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|Title:||High-Throughput Biomarker Segmentation on Ovarian Cancer Tissue Microarrays via Hierarchical Normalized Cuts|
Hierarchical Normalized Cuts (Hncuts)
Tissue Microarray (Tma)
|Publisher:||IEEE-INST ELECTRICAL ELECTRONICS ENGINEERS INC|
|Citation:||IEEE TRANSACTIONS ON BIOMEDICAL ENGINEERING, 59(5)1240-1252|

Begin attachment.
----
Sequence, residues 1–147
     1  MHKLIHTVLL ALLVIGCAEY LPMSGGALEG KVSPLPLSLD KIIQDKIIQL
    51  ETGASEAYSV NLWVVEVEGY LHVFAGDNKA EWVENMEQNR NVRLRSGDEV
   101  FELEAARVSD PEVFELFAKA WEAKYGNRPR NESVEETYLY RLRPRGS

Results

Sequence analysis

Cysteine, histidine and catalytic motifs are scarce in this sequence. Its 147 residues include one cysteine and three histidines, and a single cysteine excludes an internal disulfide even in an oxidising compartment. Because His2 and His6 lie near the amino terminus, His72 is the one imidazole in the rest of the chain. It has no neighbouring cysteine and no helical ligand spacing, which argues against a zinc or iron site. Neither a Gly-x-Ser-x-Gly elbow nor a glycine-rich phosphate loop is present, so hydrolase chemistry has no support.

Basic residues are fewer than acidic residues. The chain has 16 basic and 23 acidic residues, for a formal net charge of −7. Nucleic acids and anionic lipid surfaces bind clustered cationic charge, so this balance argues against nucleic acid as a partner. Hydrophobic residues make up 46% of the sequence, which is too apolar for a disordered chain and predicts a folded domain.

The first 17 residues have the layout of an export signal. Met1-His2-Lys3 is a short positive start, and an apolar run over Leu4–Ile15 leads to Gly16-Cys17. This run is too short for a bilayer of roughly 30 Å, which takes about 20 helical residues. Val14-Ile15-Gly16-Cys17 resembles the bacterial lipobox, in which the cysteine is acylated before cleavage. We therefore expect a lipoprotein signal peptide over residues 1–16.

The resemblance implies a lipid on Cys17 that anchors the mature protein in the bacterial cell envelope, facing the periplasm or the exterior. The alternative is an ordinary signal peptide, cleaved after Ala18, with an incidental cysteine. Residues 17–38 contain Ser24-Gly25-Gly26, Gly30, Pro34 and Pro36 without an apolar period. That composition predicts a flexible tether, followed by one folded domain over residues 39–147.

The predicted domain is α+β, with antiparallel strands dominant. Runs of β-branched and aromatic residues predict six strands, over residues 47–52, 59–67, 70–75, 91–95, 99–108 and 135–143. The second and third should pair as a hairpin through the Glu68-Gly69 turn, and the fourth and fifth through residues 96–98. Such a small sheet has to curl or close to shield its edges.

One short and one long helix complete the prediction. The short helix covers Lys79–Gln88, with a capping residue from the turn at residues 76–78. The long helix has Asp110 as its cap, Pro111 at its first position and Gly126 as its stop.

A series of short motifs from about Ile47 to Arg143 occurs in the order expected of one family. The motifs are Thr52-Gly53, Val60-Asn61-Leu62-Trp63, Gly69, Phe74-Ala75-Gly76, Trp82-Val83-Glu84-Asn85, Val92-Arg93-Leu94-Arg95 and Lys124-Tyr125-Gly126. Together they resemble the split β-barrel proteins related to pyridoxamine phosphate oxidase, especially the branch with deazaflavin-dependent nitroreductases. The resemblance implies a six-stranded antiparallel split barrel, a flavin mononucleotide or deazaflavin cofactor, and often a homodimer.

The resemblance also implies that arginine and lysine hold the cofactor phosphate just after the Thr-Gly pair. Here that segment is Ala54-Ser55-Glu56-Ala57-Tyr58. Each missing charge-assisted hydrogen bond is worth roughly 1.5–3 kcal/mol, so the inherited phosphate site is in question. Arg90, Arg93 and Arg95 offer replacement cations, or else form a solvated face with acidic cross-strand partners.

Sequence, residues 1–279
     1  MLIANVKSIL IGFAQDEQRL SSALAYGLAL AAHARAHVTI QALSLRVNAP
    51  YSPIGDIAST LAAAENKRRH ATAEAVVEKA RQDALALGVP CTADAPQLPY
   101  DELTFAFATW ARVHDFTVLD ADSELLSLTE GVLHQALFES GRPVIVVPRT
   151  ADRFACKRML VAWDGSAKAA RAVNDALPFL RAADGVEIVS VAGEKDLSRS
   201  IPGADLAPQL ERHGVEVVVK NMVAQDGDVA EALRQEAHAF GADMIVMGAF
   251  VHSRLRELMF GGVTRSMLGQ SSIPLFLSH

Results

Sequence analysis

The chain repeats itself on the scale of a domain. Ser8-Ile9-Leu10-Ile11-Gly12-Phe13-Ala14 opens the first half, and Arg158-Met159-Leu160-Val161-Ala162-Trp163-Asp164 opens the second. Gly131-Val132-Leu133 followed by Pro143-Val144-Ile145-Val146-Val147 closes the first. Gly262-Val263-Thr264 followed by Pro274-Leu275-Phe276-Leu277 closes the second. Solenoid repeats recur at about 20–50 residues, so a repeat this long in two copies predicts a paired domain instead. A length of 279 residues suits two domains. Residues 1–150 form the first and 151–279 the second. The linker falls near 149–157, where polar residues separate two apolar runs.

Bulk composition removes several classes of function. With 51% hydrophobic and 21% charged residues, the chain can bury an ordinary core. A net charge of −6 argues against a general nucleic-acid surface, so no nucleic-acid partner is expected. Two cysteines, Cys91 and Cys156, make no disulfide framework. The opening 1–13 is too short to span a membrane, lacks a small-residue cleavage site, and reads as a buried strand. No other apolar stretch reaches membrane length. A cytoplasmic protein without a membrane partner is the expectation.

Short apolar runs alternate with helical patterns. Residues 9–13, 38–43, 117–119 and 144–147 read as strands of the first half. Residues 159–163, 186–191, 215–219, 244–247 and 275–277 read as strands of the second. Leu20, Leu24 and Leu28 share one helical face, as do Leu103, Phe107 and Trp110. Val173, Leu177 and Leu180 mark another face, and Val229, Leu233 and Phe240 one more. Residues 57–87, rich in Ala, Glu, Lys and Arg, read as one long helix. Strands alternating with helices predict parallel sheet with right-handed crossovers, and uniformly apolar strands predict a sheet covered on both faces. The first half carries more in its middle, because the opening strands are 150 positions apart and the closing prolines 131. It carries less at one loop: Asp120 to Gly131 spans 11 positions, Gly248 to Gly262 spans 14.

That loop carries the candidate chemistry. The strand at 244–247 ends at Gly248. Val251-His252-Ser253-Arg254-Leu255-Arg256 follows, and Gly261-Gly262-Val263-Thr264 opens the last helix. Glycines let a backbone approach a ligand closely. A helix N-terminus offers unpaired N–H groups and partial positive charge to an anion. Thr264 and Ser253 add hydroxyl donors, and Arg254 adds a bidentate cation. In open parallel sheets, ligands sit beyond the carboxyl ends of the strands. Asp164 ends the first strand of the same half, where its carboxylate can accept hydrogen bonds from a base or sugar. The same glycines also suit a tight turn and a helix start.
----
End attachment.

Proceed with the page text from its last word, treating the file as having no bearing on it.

|Abstract:||We present a system for accurately quantifying the presence and extent of stain on account of a vascular biomarker on tissue microarrays. We demonstrate our flexible, robust, accurate, and high-throughput minimally supervised segmentation algorithm, termed hierarchical normalized cuts (HNCuts) for the specific problem of quantifying extent of vascular staining on ovarian cancer tissue microarrays. The high-throughput aspect of HNCut is driven by the use of a hierarchically represented data structure that allows us to merge two powerful image segmentation algorithms-a frequency weighted mean shift and the normalized cuts algorithm. HNCuts rapidly traverses a hierarchical pyramid, generated from the input image at various color resolutions, enabling the rapid analysis of large images (e. g., a 1500 x 1500 sized image under 6 s on a standard 2.8-GHz desktop PC). HNCut is easily generalizable to other problem domains and only requires specification of a few representative pixels (swatch) from the object of interest in order to segment the target class. Across ten runs, the HNCut algorithm was found to have average true positive, false positive, and false negative rates (on a per pixel basis) of 82%, 34%, and 18%, in terms of overlap, when evaluated with respect to a pathologist annotated ground truth of the target region of interest. By comparison, a popular supervised classifier (probabilistic boosting trees) was only able to marginally improve on the true positive and false negative rates (84% and 14%) at the expense of a higher false positive rate (73%), with an additional computation time of 62% compared to HNCut. We also compared our scheme against a k-means clustering approach, which both the HNCut and PBT schemes were able to outperform. Our success in accurately quantifying the extent of vascular stain on ovarian cancer TMAs suggests that HNCut could be a very powerful tool in digital pathology and bioinformatics applications where it could be used to facilitate computer-assisted prognostic predictions of disease outcome.|
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